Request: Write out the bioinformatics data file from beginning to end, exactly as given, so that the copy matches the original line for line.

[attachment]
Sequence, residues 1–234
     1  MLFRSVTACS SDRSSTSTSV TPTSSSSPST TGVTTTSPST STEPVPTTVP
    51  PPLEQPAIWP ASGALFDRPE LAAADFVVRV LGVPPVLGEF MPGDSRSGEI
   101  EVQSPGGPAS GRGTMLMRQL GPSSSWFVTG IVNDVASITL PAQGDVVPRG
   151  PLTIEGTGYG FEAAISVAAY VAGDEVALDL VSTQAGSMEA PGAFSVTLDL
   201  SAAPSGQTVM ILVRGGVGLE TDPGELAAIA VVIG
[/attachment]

Sequence, residues 1–234
     1  MLFRSVTACS SDRSSTSTSV TPTSSSSPST TGVTTTSPST STEPVPTTVP
    51  PPLEQPAIWP ASGALFDRPE LAAADFVVRV LGVPPVLGEF MPGDSRSGEI
   101  EVQSPGGPAS GRGTMLMRQL GPSSSWFVTG IVNDVASITL PAQGDVVPRG
   151  PLTIEGTGYG FEAAISVAAY VAGDEVALDL VSTQAGSMEA PGAFSVTLDL
   201  SAAPSGQTVM ILVRGGVGLE TDPGELAAIA VVIG